‘Sustainable gardening’ includes many eco-friendly practices

Dean Fosdick

AP – ‘Sustainable’ is one of gardening’s trendiest buzzwords, yet it carries a range of definitions.

Just what does it mean in practical terms, and how important is it to the average gardener?

Very important, according to a recent plant trends study by horticulturalists with the University of Florida Institute of Food and Agricultural Sciences (UF/IFAS).

It found strong interest in native plants, ‘re-wilding’ gardens, growing edibles, and going easy on wildlife, among other concerns.

“More and more people are supporting sustainability, where the social, environmental and economic factors balance,” said a horticulture agent with University of Florida Food and Agricultural Sciences Extension Mark Tancig.

ABOVE & BELOW: Pollinator attracting blackberries growing on a property near Langley; and blueberries growing in a container illustrates that gardeners operate on a much smaller scale than farmers yet can make some major sustainability impacts by growing their own food and planting things that don’t need as much fertiliser or pesticides, minimising risks to the environment. PHOTOS: AP

“That means planting things that don’t require as much water or fertiliser. Using plants that resist disease and insects. Choosing native plants in mixtures that attract wildlife.

“That not only saves you money, but they look good, too,” Tancig said. “They’re restorative to the environment.”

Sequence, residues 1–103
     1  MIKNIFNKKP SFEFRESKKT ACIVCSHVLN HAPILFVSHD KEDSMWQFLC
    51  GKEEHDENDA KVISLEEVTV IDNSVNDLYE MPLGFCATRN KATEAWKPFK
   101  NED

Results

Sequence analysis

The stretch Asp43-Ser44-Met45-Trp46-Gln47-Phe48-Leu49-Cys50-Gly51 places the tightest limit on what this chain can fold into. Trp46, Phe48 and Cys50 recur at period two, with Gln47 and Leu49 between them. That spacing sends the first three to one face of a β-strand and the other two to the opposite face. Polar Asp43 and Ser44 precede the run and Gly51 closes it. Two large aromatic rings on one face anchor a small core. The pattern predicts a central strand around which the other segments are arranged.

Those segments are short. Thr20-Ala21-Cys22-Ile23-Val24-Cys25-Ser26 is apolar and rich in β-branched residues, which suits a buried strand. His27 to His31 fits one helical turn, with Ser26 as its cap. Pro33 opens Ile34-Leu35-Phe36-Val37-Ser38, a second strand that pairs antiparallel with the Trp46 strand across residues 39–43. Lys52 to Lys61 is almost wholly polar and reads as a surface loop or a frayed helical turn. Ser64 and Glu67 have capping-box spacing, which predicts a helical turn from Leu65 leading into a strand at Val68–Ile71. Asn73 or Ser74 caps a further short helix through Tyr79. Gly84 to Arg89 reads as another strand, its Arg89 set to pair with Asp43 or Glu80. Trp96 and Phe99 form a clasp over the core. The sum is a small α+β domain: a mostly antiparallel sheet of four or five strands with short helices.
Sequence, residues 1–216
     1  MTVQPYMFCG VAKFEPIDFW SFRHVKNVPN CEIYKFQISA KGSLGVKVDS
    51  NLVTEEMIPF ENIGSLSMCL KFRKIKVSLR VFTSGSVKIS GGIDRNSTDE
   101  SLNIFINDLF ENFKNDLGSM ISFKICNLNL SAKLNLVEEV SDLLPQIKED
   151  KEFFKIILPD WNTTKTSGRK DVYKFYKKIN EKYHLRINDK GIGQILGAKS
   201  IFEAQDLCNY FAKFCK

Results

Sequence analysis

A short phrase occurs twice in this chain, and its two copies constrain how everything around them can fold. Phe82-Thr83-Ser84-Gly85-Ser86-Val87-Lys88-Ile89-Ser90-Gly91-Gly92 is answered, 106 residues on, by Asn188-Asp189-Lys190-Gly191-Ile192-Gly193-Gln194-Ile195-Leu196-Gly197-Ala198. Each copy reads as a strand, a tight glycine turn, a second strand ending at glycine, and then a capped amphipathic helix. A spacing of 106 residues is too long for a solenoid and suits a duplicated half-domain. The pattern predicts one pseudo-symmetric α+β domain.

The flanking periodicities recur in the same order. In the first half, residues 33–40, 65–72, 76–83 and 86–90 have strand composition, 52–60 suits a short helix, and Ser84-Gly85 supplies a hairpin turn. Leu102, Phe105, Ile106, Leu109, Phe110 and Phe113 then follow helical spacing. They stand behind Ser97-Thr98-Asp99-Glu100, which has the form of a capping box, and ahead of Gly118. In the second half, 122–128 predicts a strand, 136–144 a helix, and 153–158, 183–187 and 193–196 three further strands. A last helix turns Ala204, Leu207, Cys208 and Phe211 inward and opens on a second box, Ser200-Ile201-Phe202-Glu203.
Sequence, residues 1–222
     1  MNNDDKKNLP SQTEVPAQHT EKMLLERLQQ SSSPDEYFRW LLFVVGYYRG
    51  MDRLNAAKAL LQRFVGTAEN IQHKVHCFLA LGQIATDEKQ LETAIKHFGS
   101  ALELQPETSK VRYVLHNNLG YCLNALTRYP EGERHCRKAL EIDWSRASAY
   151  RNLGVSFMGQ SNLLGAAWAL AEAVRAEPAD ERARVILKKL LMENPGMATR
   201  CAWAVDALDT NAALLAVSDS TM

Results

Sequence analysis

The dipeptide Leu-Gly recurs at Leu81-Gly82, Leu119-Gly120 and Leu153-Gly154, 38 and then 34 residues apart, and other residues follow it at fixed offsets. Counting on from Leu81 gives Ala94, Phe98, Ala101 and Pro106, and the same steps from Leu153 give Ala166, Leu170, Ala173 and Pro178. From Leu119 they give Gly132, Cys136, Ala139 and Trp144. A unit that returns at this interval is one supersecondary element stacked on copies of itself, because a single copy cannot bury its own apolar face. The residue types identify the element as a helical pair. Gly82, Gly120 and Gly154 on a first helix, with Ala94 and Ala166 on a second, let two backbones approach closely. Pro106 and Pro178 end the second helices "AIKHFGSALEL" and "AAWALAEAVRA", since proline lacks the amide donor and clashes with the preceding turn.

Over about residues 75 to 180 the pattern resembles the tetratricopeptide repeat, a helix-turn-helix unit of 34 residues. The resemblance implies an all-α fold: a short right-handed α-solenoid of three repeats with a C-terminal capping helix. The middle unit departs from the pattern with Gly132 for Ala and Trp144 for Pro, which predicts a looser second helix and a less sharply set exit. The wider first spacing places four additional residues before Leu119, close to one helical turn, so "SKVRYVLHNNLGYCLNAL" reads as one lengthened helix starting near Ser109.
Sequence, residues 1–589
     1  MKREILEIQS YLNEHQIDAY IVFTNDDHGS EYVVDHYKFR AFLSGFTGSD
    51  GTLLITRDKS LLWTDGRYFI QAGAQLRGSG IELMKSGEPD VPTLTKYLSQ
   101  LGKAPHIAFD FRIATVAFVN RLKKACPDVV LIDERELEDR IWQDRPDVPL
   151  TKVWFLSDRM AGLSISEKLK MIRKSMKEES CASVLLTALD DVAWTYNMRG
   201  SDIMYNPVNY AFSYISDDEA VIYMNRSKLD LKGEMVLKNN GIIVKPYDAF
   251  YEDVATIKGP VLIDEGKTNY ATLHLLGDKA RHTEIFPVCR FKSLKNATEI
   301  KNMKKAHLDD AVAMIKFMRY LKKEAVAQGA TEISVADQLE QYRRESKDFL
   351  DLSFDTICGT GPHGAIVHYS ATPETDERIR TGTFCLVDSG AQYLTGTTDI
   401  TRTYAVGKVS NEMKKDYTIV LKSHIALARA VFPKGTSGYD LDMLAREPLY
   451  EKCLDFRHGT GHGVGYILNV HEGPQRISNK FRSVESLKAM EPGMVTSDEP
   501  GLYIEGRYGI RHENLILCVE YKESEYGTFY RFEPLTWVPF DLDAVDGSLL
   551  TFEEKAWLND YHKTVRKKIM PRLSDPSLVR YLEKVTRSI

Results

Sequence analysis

Sustainable isn’t necessarily the same as organic, noted Erica Chernoh, an Oregon State University Extension horticulturist.

“‘Organic’ has become legally recognised,” Chernoh said.

“Sustainability is more of an open book, combining ecological, sociological and economic factors.”

Ross Penhallegon, a horticulturist emeritus with Oregon State University Extension, said sustainability requires that we all “look at our garden and ask what we can do to reduce carbon imprint, reduce irrigation and use less products”. Some simple sustainable gardening goals, he noted in a fact sheet, include:

— Starting compost piles rather than throwing away yard debris.

“Composting keeps all the nutrients stored in yard debris in your garden on site and feeds the soil,” he said.

“It also saves you money since buying compost isn’t necessary.”

— Shifting from standard sprinklers to drip irrigation or soaker hoses.

“You can reduce your water use by up to 80 per cent,” Penhallegon said.

“Also, consider using drought-resistant plants to save water.”

— Lessening pesticide use by planting large seedlings that withstand pests and diseases better than small ones.

— Growing your own food by saving seeds from some of your healthiest plants for use the following year.

— Fighting bugs with Integrated Pest Management, which uses the least toxic methods, minimising risks to humans, animals, pollinators and other beneficial insects. “If you must use a pesticide, use a low-toxicity one,” Penhallegon said.

Gardeners operate on a smaller scale than farmers but still can have major impacts, Chernoh said. “They can do that by not over-fertilising, by eliminating any spraying that isn’t necessary,” she said. “Their size may be unlike farmers’, but their goals are the same.”